- Companies are increasingly relying on job titles to attract, retain and reward talent — a strategy that has skyrocketed from pre-pandemic days, according to management advisory firm Pearl Meyer.
- Of the more than 400 public, private and not-for-profit organizations that responded to a survey, 54% said they are leveraging job titles to attract prospective employees, a 35% jump from 2018. Nearly four in 10 (37%) of respondents said they are actively applying titles as a way to retain key employees, up from 27% in 2018.
- In the face of a potential economic slowdown, a growing number of companies (13%, an increase of 62.5% since 2018) said they’re deploying job titles to retain and reward existing employees “when funds are limited.” Recognizing that employees find meaning in rewards beyond pay is a positive development, Susan Sandlund, the firm’s managing director and leadership practice lead, said in a statement announcing the findings. But organizations should also “focus on career development opportunities and keep a close eye on maintaining positive corporate culture [as] these elements are proven retention tools,” she said.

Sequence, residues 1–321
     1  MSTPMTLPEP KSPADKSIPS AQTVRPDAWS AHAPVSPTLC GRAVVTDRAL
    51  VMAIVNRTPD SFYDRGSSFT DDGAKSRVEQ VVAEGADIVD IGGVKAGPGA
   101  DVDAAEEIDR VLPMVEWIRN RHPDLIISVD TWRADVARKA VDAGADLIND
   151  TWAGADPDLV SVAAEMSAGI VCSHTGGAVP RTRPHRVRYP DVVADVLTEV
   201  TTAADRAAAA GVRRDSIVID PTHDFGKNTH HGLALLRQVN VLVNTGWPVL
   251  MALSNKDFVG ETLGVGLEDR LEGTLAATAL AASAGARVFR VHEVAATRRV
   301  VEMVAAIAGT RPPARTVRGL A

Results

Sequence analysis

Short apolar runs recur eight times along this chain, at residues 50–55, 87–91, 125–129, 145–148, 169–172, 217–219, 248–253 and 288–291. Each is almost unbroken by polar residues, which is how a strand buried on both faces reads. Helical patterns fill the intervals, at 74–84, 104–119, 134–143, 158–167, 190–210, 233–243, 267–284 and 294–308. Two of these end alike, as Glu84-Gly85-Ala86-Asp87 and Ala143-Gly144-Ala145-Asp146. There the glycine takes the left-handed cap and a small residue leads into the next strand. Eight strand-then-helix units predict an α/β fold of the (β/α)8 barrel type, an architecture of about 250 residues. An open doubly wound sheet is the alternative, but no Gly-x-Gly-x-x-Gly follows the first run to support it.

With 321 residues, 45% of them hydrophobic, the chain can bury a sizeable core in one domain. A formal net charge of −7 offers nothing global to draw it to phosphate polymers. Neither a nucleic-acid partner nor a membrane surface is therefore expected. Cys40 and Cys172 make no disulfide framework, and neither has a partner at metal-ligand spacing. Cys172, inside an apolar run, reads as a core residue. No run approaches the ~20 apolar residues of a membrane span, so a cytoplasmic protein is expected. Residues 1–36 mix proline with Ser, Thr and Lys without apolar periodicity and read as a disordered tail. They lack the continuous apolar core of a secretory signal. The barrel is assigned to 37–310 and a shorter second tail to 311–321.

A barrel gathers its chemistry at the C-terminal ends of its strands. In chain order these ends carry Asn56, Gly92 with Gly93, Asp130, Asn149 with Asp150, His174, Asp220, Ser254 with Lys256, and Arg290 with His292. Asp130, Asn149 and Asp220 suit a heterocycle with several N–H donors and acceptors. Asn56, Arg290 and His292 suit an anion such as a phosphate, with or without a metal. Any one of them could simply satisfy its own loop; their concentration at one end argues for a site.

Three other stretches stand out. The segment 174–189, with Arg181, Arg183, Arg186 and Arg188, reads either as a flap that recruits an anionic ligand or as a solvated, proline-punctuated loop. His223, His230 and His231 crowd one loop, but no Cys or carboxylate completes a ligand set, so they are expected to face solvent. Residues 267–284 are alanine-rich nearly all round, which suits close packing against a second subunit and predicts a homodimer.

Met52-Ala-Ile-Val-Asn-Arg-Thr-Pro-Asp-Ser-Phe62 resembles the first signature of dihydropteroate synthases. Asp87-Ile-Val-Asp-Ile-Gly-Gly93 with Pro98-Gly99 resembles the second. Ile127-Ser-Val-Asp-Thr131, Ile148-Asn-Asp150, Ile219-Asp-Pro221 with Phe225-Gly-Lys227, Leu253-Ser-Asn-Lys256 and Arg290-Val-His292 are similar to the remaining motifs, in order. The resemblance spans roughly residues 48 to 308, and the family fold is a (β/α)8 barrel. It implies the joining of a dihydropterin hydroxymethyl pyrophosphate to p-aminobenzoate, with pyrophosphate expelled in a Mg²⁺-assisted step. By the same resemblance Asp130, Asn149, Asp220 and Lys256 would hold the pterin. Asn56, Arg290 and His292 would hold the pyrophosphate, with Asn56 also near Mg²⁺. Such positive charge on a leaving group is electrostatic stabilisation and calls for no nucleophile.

Competition for talent has spurred employers to inflate job titles as a way to lure candidates and keep key employees, one executive search professional previously told HR Dive.
Part of the perceived need to do so is generational, with younger employees seeing impressive titles among their peers and pushing more quickly for advancement, he said.
While the popularity of colorful pre-pandemic titles like “customer service ninja” and “office guru” — eye-catching but often ill-fitted — may have faded, any job title that doesn’t correspond to actual duties may pose problems such as morale issues.
And like duties, compensation shouldn’t be an afterthought either, Sandlund suggested: While “job titles can be practical tools for employers and compensation professionals,” she said, employers should not rely on them “as a strong retention tool unless they are backed up by a pay increase.”